The Israeli fellows have no impact on the number of fellowships available to U.S. surgeons through Ryder’s formal trauma training program. However, they do rotate on the same services, receiving the same caliber of training as UM’s formal Residency Review Committee fellows. The Israeli fellows participate in the same critical care, acute care surgery, and trauma service lines, and conduct research alongside our U.S. fellows. Therefore, Israeli fellows are required to pass the U.S. Medical License Examination (USMLE) before they can practice and provide clinical care in our program.

Because these are formal fellowship positions, the hospital regards these fellows as residents and provides them with a sixth- and seventh-year salary line. More than 90 percent of the Israeli trainees have successfully completed the two-year surgical critical care/trauma fellowship.

Why Israel?

To assess the present trauma care system in Israel and determine the ongoing need for the training program, in 2015 the members of the UM Ryder Trauma Center team interviewed the directors at the six Level I trauma centers in the country. All of the directors indicated that the greatest need was for more surgeons formally trained in trauma care. Most Level I hospitals in Israel have just one dedicated trauma surgeon on staff; the exceptions are Rambam Medical Center in Haifa and Tel Aviv Medical Center, both of which have two trauma surgeons on staff.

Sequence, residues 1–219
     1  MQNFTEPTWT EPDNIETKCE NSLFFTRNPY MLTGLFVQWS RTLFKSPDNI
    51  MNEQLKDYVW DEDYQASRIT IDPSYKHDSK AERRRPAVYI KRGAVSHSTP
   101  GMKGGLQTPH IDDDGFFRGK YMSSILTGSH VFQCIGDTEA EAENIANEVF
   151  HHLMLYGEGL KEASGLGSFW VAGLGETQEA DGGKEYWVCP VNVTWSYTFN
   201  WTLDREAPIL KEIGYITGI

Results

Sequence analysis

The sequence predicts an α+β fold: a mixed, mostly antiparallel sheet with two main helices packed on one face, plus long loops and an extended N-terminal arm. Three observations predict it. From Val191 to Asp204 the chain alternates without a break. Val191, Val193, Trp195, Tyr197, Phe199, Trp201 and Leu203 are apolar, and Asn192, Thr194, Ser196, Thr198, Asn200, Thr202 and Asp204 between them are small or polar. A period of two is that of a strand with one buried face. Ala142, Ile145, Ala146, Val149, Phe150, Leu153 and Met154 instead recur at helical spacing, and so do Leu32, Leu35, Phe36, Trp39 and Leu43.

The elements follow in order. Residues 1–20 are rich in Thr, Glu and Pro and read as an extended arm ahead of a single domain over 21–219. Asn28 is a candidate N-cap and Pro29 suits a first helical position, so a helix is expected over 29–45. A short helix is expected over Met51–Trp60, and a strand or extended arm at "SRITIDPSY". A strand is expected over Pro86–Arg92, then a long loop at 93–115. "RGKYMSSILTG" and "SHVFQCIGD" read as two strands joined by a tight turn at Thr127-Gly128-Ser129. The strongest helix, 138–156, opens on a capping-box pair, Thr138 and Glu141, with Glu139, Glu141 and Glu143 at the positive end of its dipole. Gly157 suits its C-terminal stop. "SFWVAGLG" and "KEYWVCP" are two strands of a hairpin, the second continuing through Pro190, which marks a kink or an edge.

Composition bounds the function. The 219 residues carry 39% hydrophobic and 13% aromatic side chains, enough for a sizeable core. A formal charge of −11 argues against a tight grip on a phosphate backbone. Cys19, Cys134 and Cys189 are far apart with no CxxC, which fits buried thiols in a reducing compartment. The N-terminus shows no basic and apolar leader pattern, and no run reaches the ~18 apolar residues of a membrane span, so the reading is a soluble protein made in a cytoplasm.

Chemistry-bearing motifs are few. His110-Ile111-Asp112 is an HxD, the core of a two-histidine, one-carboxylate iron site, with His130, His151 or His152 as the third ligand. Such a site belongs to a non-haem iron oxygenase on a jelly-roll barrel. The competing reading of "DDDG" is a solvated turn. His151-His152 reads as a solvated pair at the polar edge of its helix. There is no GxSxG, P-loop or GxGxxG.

“It is a one-man show,” said Prof. Gadi Shaked, director of Soroka Medical Center in Be’er Sheva, the only Level I trauma center that serves Israel’s southern populations. Trauma directors are on-call around the clock, but are rarely available 24/7 a week due to other professional time commitments, including teaching. The limited availability of trauma directors puts patients who require immediate complex operations at risk. Israel needs at least 10 more trauma experts, according to co-author Yoram Klein, MD, former chairman of the Israeli Trauma Society and head of Sheba Medical Center, Tel-Hashomer, Ramat-Gan.

The challenges facing Israel’s trauma care system are better understood with the realization that the system is in its early stages of development. Even though Israel has experience with trauma that covers eight wars, two Palestinian intifadas, and thousands of internecine attacks, an organized trauma system was nonexistent until the early 1990s.1

National recognition of the need for a continuous trauma system by the Revach Committee in the late 1980s propelled the Ministry of Health to implement major organizational changes, equipment updates, and staff training.1,2 The new system was modeled on the U.S. trauma system but was adapted to meet Israel’s needs.1 Six Level I trauma centers were designated according to ACS COT standards, centralizing severe trauma patients.3 A national trauma registry that included injury severity score was assembled.3 All medical personnel in trauma and emergency services were required to take the Advanced Trauma Life Support® (ATLS®) course.4 Amidst these changes, top general surgeons volunteered to complete U.S. trauma fellowships.5 These surgeons serve as the current trauma directors.